Even if your shadow data does end up on the far left, there’s a good chance that it won’t be totally black, and although it may be a little noisy, there’s be enough texture and detail that it doesn’t become much of a problem. There are times of course, when an almost totally black background is quite effective and therefore desirable, as I found with this image, shown here with its histogram for reference (below).

Crane in Flight with Histogram


To increase your exposure, you can use Exposure Compensation, and keep increasing the exposure until your image data is close to the right side of the histogram, but then as you reframe or your subjects move, the amount of Exposure Compensation required can fluctuate, and you might start to over-expose images if you don’t stay on top of this.

Depending on where you are in your photography, this can be a very daunting prospect, but to really control and understand your exposure, I urge you to try shooting in Manual mode. It sounds like more work to set your exposure yourself, but it actually frees you from the need to constantly adjust Exposure Compensation, especially when working in similar lighting conditions.

To start with, you might try finding your exposure in Aperture or Shutter Priority modes, then memorise the settings, and switch to Manual, then dial in those settings. Note though, that even if you go straight to Manual mode, you are not flying blind. The exposure meter still works, and you can see where the camera thinks the exposure should be in the viewfinder, so you use this as a guide.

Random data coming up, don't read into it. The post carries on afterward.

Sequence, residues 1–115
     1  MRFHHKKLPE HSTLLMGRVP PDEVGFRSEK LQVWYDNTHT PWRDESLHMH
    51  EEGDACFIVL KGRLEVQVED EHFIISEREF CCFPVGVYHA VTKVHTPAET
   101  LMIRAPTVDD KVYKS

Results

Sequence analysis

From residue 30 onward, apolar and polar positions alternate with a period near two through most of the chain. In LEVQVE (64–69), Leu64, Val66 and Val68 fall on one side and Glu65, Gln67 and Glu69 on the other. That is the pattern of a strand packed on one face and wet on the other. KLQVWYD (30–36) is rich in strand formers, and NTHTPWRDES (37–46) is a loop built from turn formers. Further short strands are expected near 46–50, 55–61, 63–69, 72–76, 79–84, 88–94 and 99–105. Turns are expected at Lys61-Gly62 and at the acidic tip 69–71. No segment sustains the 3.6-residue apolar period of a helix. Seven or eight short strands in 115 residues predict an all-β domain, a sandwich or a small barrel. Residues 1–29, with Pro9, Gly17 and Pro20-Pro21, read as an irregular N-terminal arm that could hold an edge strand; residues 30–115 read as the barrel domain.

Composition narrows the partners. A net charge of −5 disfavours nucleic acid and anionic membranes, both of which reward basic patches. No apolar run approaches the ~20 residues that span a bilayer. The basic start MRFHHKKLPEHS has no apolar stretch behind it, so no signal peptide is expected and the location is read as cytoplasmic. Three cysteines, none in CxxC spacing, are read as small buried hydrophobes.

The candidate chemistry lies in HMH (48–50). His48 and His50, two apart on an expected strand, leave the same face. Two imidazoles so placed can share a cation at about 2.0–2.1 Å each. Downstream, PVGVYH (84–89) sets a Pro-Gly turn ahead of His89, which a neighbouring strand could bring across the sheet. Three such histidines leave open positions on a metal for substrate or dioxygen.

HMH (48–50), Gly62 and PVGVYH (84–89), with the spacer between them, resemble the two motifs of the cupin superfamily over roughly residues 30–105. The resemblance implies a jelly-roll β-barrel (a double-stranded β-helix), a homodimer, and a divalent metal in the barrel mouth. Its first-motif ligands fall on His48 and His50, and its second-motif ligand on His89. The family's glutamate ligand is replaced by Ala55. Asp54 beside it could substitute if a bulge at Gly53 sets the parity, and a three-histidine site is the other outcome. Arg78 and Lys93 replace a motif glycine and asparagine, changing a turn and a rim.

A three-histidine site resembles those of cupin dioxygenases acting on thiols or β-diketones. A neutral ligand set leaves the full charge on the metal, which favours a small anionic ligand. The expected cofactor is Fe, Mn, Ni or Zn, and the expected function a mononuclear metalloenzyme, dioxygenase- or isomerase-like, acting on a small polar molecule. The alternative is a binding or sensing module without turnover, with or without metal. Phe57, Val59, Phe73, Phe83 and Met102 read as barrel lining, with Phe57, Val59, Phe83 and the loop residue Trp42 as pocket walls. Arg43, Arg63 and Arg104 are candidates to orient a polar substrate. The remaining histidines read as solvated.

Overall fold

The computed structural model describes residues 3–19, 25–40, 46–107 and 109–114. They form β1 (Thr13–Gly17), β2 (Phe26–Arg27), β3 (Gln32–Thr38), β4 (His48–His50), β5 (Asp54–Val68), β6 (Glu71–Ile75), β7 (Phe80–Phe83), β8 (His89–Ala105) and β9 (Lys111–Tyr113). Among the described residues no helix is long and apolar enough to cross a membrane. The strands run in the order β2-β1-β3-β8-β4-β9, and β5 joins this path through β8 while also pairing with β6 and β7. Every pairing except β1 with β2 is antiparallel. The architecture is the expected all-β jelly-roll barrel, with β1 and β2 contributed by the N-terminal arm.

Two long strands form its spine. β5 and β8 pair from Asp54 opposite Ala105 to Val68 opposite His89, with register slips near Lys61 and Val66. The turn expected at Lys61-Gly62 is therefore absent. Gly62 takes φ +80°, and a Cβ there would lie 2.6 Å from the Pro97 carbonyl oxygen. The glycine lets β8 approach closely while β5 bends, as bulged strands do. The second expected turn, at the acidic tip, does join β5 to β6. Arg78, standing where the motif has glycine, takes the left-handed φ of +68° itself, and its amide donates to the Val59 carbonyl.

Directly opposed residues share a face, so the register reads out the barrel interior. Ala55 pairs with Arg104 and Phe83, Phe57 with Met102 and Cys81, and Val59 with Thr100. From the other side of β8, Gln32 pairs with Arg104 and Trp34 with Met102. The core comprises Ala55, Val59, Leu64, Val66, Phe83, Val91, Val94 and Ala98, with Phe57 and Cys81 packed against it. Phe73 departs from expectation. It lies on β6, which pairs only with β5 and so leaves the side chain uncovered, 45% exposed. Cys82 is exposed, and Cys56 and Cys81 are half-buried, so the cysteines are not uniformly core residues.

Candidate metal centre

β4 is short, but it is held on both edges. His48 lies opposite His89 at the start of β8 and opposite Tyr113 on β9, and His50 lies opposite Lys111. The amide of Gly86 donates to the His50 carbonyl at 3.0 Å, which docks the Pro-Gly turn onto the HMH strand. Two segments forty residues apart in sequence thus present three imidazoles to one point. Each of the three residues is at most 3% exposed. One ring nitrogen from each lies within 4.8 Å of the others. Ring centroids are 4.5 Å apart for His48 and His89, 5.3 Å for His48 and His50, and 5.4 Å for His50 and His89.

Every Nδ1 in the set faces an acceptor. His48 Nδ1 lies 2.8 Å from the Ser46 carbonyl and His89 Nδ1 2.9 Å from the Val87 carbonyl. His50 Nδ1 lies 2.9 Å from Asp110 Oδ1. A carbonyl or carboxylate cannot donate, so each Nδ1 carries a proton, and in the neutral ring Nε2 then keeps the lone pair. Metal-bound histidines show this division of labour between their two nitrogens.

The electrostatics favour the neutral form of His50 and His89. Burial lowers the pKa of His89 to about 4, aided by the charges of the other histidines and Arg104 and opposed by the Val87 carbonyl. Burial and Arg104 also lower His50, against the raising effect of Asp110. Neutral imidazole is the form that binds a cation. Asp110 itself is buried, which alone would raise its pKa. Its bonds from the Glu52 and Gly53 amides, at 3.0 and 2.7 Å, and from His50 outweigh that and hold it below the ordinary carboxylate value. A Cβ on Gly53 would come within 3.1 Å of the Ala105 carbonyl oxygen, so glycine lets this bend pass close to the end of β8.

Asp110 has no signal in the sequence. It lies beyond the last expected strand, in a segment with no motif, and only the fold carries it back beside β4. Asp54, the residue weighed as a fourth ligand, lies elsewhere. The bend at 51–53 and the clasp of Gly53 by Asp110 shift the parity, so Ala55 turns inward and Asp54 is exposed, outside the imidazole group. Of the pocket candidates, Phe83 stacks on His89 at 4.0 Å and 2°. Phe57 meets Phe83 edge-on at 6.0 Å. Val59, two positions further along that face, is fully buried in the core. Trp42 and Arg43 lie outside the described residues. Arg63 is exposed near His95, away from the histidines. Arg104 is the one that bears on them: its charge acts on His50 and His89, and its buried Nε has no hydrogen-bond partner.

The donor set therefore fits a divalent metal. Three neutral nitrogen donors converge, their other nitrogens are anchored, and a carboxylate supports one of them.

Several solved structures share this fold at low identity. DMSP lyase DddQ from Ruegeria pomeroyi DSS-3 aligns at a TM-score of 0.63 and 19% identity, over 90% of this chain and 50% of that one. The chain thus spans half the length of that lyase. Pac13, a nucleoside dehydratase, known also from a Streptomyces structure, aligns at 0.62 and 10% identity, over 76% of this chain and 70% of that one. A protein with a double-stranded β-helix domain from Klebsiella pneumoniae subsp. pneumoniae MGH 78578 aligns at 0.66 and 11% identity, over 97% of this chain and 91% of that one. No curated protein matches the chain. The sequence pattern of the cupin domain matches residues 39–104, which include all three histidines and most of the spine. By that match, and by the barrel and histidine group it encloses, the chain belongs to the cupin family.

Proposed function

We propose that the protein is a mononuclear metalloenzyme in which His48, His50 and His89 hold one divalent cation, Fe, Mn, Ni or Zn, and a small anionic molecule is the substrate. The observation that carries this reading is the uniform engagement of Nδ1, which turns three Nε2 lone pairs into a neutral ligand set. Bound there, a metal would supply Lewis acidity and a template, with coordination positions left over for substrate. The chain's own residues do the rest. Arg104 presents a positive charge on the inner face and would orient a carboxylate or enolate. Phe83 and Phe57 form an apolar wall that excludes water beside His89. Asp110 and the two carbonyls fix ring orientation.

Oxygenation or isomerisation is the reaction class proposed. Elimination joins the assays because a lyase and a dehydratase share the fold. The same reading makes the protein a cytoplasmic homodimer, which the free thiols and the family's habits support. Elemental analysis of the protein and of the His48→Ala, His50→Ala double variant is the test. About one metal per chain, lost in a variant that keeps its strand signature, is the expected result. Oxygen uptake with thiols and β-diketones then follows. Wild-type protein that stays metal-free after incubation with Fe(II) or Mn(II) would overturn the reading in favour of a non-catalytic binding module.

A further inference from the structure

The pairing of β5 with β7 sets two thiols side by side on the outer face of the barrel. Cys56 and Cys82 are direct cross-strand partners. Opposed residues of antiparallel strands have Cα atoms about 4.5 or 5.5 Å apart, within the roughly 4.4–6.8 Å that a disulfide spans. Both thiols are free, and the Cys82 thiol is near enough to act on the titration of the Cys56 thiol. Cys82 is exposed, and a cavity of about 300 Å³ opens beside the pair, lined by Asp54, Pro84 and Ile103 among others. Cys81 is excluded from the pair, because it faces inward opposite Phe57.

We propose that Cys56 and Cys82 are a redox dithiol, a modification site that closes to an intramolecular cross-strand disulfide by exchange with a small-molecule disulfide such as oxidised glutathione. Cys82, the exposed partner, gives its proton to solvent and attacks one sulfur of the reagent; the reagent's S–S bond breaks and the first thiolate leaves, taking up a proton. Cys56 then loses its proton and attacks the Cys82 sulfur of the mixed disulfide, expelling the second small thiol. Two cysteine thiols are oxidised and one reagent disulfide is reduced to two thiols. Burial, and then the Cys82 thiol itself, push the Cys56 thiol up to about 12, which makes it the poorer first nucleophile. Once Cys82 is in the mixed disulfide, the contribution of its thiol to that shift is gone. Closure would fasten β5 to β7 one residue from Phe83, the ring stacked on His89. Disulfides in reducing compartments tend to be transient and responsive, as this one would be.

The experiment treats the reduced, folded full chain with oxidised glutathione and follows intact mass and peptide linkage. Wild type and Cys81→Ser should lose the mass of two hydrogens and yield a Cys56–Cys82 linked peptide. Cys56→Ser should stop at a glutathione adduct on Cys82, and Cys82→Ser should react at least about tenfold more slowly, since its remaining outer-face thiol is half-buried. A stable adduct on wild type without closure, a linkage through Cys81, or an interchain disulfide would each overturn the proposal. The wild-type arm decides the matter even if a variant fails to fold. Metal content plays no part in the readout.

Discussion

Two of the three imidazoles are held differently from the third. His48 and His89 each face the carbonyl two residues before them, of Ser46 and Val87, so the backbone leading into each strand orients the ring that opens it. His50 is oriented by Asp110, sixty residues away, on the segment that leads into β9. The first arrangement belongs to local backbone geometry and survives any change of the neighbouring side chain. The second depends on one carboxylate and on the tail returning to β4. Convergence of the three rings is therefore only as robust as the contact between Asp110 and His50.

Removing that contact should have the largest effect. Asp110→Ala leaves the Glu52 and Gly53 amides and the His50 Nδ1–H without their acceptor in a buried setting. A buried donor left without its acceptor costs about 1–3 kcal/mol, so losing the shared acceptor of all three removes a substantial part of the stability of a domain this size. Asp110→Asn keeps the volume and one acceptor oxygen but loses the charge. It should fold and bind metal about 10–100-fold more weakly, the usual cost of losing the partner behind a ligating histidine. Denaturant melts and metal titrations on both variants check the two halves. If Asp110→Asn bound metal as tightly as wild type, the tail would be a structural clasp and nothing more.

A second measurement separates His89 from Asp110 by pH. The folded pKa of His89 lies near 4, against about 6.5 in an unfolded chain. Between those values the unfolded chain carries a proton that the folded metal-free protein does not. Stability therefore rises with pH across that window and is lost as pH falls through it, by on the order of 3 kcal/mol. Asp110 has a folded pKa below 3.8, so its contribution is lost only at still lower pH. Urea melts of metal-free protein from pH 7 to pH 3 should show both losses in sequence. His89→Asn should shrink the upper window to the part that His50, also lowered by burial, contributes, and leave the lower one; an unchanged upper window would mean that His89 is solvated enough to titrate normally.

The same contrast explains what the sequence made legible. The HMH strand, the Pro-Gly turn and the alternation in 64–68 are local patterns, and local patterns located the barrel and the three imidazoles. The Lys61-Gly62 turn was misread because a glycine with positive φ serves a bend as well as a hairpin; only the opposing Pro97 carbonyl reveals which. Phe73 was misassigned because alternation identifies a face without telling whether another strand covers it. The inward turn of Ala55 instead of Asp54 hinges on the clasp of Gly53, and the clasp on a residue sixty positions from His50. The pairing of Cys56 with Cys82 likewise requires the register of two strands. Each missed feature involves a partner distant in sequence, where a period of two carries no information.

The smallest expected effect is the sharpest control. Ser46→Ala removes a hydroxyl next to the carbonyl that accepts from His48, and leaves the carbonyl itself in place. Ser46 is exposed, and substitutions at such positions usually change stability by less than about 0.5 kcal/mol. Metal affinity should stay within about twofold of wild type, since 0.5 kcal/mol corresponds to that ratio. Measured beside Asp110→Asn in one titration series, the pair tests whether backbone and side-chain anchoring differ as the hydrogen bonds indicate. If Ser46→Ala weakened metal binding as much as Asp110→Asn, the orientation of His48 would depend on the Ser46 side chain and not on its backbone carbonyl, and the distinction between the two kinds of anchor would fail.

As you frame up your scene and start to adjust your exposure, take a guess at where it should be. If there is a lot of white in your scene for example, you may need to adjust so that the exposure meter shows exposure at +2 stops. Or if there is say half of your scene that is very light color, and half very dark, you may need to have the caret on the exposure meter at zero. Once you’ve adjusted your exposure, shoot a test frame and check that, or check your exposure in Live View before shooting, and then do any fine tuning necessary before you start shooting for real. Once set up though, you may find that you don’t have to change your exposure again, until you move to a new location.

Sure, you do have to stay on top of Manual exposure, and for some types of photography, it can be too much to deal with, but as you become good at adjusting your exposure, it is easier than using Exposure Compensation, and you can keep your image data over on the right side of the histogram much more easily.

This results in you creating beautiful bright images with much less or even no noise at all. To close the loop on the conspiracy theory though, note that you now have to darken your display down so that you see your images as they really are now. Because your images are now much brighter, they’ll look normal when your display is darker. If you calibrate your display, you can often have the software help you to set the brightness to the necessary level for viewing in your ambient lighting conditions. You might find your display being set as low at 10% to 30% of it’s full brightness.